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Wait, greening?

17 Apr 2019 | Science Notes

Amidst news that Canada warmed 1.7 degrees since 1948 we might also note that the country has gotten better off since World War II. So if all bad changes are blamed on global warming, can we credit it for the positives too? Including a study in the April 2018 Journal of Climate on the impact of CO2-induced planetary greening on rainfall and soil moisture worldwide. Wait, what, greening? Yes. It turns out all that extra "carbon pollution" combined with slightly warmer weather has added so much foliage since the ‘80s that it’s affecting precipitation in some places. One scientist said it's as if we've added a continent's worth of vegetation to the planet. If you're thinking the greens will find reasons why greening is actually bad, you'd be right.

Carbon dioxide has always been an essential gas in our atmosphere, as necessary for life as oxygen. Most plants in our world evolved under conditions of far higher CO2 levels and react to additional CO2 availability with what can only be called conspicuous enthusiasm. The indispensable CO2Science.org maintains an exhaustive data base of studies showing the benefits of atmospheric enrichment of CO2 on hundreds of species of plants. So it is not surprising that higher CO2 levels and slightly warmer weather are associated with global greening – literally an increase in the total leafy coverage of the Earth. More food. More forests. Less desertification and erosion. Yay, right?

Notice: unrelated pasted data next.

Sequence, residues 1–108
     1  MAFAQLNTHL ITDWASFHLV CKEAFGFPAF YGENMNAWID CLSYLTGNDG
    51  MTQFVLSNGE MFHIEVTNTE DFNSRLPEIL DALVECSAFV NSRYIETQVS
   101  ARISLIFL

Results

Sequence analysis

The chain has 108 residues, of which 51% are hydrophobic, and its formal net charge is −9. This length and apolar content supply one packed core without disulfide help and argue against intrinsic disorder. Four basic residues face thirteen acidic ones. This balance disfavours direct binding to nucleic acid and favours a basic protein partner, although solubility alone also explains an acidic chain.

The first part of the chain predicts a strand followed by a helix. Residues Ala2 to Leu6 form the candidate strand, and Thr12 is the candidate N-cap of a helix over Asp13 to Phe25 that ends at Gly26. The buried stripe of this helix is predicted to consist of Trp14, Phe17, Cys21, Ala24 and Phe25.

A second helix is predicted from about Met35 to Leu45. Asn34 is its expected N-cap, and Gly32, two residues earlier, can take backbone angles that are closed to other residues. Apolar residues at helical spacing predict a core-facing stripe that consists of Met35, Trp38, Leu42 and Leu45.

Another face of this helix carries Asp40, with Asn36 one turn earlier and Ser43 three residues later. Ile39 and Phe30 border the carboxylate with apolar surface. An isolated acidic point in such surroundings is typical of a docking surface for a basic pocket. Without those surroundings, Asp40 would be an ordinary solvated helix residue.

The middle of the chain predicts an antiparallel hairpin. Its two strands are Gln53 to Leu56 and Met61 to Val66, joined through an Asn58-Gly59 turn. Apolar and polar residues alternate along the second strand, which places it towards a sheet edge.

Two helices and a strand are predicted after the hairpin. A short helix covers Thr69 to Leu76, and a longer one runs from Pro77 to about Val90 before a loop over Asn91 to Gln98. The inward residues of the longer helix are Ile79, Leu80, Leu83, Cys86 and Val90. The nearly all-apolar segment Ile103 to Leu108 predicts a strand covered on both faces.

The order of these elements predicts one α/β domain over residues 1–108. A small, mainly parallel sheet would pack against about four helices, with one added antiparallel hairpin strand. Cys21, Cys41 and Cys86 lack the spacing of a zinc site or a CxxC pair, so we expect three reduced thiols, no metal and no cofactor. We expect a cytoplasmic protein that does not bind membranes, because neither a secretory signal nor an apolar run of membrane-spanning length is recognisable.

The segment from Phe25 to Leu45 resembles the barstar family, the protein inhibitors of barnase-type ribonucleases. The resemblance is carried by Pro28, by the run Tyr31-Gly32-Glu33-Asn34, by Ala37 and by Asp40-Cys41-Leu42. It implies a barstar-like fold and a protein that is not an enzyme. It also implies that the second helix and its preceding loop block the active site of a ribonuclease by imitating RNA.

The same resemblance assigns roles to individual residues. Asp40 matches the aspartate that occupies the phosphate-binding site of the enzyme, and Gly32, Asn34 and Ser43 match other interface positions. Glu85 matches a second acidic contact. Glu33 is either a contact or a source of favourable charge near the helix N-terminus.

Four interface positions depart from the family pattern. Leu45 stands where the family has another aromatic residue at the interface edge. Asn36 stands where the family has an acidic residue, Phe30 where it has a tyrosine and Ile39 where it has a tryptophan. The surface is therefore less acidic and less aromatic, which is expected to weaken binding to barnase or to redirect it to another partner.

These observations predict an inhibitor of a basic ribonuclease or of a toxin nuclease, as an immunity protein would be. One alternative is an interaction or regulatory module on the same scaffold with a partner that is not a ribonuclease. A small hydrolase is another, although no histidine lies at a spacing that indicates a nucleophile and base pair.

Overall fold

No. Boo. For equally unsurprising is the fact that greens hate talking about global greening, and the IPCC does Fred Astaire-worthy tap-dances around it. They raise the issue only to wave it away, grudgingly admitting it is happening, then quickly returning to their search for any form of bad news no matter how trivial. For a great overview of the scientific evidence and reflections on what it implies about the distorted politics of the whole situation, read Matt Ridley's 2016 lecture to the Global Warming Policy Foundation.

One comment on “Wait, greening?”

  1. Matt Ridley's video lecture highlighted in this article "Wait, greening?" is really worth watching, followed up by reading the transcript of the video. The graphics shown in the video are presented in the transcript.

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